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[19] the Rev. Samuel Stow, a graduate of Harvard College in the class of 1645. He was the son of John and Elizabeth (Biggs) Stow, of Roxbury, and was born about 1622. In 1649, at Chelmsford, he married Hope, daughter of William Fletcher. Of their seven children, a son, John, was born in Charlestown June 16, 1650. As early as 1653 he was the minister in Middletown, Ct., and March 22, 1670, he and his two brothers were enumerated among the fifty-two householders and proprietors of that place. In 1681 he seems to have been settled in Simsbury, Ct. Judge Sewall, in a letter dated November 16, 1705, writes that the Rev. Mr. Samuel Stow, of Middletown, went from thence to heaven upon the 8 May, 1704.

‘30: 3 mo. 1657. A town rate, amounting to £ 100, for va-. rious purposes, includes an item of £ 7 “to Mr. Morley, Scholemaster” ; said rate is to be made out and collected of the Inhabitants by the Constables.’ Frothingham (page 155), under date 1659, says that twenty acres in wood and three and one-half acres in commons were assigned to Mr. Morley. Wyman's History informs us that John Morley was the schoolmaster one year from April 26, 1652, and again also in 1657. He, with his wife Constant (Starr), was admitted to the Charlestown church in 1658. He is said to have been the son of Ralph Morley, of Braintree. His mother may have been the widow Catharine Morley ‘who sojourned thirty weeks with John Greene, of Charlestown, at two shillings and sixpence per week.’ John Morley died January 24, 1660-1, and in his will bequeathed his estate at Lucas and at Chesthunt Leyes, Hertford county, Eng., first to his wife, and secondly to his sister, Mrs. Ann Farmer. The will of the wife was probated in 1669.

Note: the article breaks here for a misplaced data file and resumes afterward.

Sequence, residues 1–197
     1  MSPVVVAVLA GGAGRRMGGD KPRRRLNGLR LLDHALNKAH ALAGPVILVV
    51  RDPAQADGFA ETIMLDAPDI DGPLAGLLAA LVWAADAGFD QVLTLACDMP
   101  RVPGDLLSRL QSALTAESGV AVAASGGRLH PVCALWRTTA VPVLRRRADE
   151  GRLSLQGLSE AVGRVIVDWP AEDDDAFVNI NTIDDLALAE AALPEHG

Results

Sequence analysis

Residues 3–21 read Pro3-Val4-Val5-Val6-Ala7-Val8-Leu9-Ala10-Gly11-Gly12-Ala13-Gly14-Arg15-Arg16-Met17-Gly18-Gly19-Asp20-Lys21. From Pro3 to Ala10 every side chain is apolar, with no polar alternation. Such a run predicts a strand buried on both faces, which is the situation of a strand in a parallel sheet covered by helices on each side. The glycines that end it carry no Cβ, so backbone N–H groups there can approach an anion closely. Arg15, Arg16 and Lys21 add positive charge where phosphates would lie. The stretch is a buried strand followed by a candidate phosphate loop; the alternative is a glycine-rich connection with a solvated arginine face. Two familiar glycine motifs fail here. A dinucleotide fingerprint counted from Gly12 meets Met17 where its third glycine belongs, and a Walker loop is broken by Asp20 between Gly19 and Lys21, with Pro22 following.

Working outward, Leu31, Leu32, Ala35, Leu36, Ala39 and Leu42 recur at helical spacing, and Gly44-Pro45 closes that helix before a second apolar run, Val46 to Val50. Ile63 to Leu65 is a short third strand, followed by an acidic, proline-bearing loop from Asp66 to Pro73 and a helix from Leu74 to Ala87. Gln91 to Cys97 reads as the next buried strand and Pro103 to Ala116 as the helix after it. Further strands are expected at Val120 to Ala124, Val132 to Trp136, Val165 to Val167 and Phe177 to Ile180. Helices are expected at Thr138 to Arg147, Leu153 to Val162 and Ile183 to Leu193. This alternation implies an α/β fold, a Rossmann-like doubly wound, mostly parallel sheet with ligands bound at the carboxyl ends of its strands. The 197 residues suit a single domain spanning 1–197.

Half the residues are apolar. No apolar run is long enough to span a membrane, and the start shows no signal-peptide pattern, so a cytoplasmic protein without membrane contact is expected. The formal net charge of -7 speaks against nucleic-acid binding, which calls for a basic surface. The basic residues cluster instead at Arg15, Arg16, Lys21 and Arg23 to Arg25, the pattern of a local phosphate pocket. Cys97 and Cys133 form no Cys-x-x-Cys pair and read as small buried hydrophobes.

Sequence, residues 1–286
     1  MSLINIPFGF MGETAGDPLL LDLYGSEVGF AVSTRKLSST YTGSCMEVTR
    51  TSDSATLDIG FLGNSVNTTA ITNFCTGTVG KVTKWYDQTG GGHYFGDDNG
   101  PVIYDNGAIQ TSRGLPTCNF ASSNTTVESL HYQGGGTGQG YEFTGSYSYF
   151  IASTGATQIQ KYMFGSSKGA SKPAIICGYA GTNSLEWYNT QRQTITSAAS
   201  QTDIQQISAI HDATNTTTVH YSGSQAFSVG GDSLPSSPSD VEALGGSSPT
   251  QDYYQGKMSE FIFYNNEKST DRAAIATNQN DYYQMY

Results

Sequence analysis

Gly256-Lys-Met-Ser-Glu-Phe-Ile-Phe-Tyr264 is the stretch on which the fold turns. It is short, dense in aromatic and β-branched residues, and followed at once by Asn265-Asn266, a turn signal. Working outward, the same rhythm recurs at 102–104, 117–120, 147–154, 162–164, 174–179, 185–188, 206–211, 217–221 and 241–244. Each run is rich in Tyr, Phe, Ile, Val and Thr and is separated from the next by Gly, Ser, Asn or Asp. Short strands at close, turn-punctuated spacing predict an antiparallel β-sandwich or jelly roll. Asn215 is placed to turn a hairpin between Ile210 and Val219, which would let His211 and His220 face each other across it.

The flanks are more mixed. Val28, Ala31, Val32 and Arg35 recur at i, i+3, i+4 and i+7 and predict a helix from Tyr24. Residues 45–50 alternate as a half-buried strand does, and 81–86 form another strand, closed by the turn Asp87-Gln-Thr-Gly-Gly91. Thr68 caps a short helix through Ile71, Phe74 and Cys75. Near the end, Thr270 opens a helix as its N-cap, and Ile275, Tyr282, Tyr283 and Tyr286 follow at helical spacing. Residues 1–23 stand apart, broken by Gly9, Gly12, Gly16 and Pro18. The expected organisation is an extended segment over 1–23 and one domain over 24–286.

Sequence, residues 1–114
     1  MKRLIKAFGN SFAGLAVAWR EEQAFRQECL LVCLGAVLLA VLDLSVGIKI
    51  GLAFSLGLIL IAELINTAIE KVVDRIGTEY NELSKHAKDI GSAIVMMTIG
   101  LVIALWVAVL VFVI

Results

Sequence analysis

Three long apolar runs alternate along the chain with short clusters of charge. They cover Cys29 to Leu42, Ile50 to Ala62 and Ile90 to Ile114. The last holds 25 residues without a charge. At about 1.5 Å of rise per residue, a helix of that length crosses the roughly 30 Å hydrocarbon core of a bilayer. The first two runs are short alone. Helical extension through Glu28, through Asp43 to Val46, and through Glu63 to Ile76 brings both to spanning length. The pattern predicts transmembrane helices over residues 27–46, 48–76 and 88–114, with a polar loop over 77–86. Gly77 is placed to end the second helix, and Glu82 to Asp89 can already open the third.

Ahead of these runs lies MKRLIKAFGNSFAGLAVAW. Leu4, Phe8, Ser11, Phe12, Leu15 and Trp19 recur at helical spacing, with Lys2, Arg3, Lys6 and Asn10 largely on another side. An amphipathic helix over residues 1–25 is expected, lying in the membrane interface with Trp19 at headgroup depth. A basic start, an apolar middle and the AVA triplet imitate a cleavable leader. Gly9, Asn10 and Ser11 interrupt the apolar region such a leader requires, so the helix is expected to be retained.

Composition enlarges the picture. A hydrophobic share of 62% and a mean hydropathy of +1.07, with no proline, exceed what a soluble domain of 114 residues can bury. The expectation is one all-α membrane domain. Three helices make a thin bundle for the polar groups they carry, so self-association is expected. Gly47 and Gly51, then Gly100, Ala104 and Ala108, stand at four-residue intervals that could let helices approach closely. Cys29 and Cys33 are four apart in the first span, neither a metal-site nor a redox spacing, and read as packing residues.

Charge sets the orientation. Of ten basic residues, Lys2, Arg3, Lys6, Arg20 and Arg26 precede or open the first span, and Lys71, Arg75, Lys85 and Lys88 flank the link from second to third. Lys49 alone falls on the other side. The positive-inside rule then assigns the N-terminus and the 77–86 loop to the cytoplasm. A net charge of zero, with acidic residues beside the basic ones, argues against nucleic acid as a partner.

In 1660 one thousand acres of land, in the wilderness, on the western side of Merrimack river, at a place commonly called by the Indians Sodegonock, were laid out by order of the General Court of Massachusetts Colony, for the use of the town of Charlestown. The rental of this tract of land helped to defray the annual expenses of the school.

November 26, 1661, Mr. Ezekiel Cheever entered upon his labors in behalf of the Charlestown grammar school. This

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